See How This Ex-Playboy Photographer Gives Her Glamour Work Visual Impact With Compact Lights

Less can definitely be more when you're trying to create mood in glamour photography. I think you'd be surprised what sort of results can be achieved with compact lights and a little know-how.

Westcott is back once again with another insightful video with Commercial Beauty Photographer Lou Freeman. The guest feature begins with Freeman explaining how she likes to paint her scenario with little pools of light when trying to achieve a moody look in her work. A minimalistic approach in this case really works well as Ice Lights and barn doors are used to great effect. Personally, I like to light this way myself as the alternative is trying to flag off big lights to achieve something similar. This can be especially tricky when working in the tight space of a house for example.

Once Freeman has everything in place we see how careful positioning of these zones of light really does help draw the eye to the areas she wants the viewer to see most. As an added bonus the video goes into great detail on how to best pose a subject and how to put the model at ease. Little tips about making sure the neck area and hands are relaxed really is an important lesson to learn as all too often they are areas a photographer can miss in all the excitement of a shoot.

If you have five minutes to spare and have an interest in shooting glamour photography, then who better to hear from than a veteran of the Playboy magazine. Freeman helped transform the genre and launched the evolution of boudoir elegance that we see today.

[via Westcott]

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12 Comments

I loved the posing advice. Great video :)

Paul Adshead's picture

Thanks Joel! I actually think it's the best part of the video. Definitely took some pointers away from it...

William Howell's picture

ISO1000 with an aperture f4 at 1/60 of a second, I don't know about those Ice Lights. They don't seem that powerful and cost 500 bones?

Paul Adshead's picture

I hear you William! I think they would be handy if you're doing both video and stills at the same time maybe...

Lane Shurtleff's picture

ISO 1000 f8 @ 1/60. What camera are you using that isn't capable of ISO 1000 good RAW file quality? Depending on how big you plan to print them, say 16x20, it will never show. I've been instructing photographers for 25+ years, many people are still under the notion from lack of knowledge that you must shoot at a DSLR's native ISO.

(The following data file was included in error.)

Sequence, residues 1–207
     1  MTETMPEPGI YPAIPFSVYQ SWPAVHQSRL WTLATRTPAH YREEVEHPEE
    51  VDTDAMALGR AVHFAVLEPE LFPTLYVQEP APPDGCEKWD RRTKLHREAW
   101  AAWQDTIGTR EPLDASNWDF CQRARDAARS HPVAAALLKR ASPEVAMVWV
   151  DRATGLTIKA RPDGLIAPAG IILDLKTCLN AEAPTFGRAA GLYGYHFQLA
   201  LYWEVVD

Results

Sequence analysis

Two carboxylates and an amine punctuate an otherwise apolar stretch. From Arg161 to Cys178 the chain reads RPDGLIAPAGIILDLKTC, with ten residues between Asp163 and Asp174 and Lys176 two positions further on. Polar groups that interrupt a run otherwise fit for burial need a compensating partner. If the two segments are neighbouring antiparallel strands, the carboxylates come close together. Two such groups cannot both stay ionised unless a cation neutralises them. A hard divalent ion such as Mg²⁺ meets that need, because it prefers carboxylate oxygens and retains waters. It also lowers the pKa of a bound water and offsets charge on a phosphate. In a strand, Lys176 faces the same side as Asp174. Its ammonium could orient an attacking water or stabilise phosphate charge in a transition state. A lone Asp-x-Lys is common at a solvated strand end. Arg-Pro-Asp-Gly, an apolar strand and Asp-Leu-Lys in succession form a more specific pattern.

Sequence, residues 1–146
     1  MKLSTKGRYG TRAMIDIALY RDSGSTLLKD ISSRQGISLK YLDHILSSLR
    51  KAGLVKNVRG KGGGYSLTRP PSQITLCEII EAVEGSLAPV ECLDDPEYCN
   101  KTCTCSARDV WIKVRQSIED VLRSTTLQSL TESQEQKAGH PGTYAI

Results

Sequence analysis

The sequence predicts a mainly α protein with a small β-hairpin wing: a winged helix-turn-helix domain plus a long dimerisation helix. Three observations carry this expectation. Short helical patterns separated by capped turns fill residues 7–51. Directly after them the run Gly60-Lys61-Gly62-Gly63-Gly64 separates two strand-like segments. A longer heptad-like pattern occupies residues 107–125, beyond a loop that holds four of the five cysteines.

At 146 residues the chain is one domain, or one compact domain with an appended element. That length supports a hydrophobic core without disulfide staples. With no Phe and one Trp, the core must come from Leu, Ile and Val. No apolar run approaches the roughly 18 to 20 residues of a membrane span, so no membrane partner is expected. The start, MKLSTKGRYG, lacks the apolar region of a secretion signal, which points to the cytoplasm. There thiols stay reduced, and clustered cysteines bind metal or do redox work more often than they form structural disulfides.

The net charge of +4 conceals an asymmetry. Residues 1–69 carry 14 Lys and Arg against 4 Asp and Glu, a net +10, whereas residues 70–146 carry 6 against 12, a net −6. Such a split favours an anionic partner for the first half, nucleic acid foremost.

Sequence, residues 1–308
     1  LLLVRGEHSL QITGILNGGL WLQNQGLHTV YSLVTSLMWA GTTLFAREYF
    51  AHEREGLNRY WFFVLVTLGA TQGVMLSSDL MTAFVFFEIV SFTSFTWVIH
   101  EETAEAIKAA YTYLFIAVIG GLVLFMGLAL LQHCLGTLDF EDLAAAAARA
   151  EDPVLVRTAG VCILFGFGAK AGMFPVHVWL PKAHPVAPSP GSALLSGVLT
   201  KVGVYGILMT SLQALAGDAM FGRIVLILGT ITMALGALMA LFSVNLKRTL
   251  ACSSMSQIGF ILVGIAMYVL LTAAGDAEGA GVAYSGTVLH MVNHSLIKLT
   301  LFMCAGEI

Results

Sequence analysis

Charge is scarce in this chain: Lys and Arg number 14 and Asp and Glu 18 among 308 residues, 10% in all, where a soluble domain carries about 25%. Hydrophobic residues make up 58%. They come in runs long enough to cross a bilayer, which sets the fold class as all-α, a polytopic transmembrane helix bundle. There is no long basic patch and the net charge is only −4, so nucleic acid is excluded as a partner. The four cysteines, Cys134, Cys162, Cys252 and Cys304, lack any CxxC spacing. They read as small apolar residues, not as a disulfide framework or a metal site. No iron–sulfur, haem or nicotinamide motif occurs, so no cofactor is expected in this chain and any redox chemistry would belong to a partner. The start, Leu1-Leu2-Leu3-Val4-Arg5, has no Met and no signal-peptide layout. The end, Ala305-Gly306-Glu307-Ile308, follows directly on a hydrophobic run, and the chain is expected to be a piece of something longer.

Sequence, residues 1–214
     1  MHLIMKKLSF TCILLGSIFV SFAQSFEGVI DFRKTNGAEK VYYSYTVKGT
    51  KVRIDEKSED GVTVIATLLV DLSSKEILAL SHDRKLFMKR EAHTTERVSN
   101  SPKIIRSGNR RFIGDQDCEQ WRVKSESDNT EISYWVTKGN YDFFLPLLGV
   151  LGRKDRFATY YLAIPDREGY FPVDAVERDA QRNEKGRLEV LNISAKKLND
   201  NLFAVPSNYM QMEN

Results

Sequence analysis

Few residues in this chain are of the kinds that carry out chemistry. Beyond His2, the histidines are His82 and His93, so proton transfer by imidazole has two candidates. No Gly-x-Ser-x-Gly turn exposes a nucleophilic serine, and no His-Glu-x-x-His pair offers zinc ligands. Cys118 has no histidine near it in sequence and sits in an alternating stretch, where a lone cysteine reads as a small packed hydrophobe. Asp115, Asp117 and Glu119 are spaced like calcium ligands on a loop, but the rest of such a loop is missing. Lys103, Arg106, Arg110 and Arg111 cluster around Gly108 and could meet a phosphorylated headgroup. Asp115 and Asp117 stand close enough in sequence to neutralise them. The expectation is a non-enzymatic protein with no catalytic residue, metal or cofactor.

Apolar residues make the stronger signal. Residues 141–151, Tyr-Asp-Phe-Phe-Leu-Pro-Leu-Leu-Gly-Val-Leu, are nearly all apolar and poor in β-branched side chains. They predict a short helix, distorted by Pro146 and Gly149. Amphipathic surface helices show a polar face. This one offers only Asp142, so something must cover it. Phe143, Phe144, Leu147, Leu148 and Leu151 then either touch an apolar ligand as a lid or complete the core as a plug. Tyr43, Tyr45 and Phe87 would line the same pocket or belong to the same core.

William Howell's picture

I don’t know about that. Making the sensor more sensitive to light adds noise and degrades the file to none professional usage, in my view. Now would I be able to tell if you used high ISO, like you said, depends on size.
Native ISO is where optimum image is achieved, this is from The Angry Photographer.

I’m using a Nikon D300 year 2007 or 2008. Even if I had a D810 or Fugifilm GFX I would still shoot native.

I do print 2’x2’ or 3’x2,’ I use Bumblejax service, they’re out of Washington state I believe.

Lane Shurtleff's picture

I had a D300 for many years ( shutter died at 180k), but as you well know, anything above ISO 800 is not usable for quality large prints. Since nearly all my printed work is studio based, high ISO has never been an issue for me. Also the D810, which I currently use also is not a high ISO camera. I'm comparing the current D500, Canon 5D series and many others are well capable of very high ISO performance. Expecting every blogger to cater to every photograghers needs or wants is not seeing what current equipment is capable of. Remember, most of these so called tutorials are nothing more than hidden advertising to make people think they need to spend lots of money unnecessarily. In this instance, Westcott hiring a popular glamour photographer to shill it's overpriced ICE lights.

William Howell's picture

Let me ask you a question, how is the dynamic range of the D810? I shoot mostly in my garage and like you I don't shoot high ISO in that environment. But I believe that I have outgrown my D300's resolution, so I'm saving my money for a good used D810. I've read reviews that say dynamic range is great, would you agree with that assessment? Any info would be greatly appreciated.

Lane Shurtleff's picture

Dynamic range is good for what I do, glamour, headshots, etc in the studio. Since I can control ratios I'm never concerned about dynamic range. i have shot with the D810 with the older 24-70 2.8 and 2nd gen 70-200 2.8, and the 85 1.4, I always shoot 1-2 stops under so I don''t blow out highlights when using it outdoors. If I know I'm going to be shooting lots of sky, I either use graduated ND filters or I do a 6 stop HDR bracket and use the best image that gives me the sky/cloud detail I'm after. I don't do the 5-7 frame auto-HDR style. I still have my old tried and true D700 as my travel camera.I have found it to be "good enough" to make 20"x60" prints. When I shoot sports I use my D4S. But have been giving serious consideration to the D500 or D7500 as a lighter replacement

>> ISO1000 with an aperture f4 at 1/60 of a second, I don't know about those Ice Lights. They don't seem that powerful and cost 500 bones?

And their CRI isn't that great. It wouldn't surprise me if we're not seeing some guerrilla marketing here...

William Howell's picture

Yeah the Ice Lights don't stack up at that price.

Well, apparently the new version has better CRI. So some progress!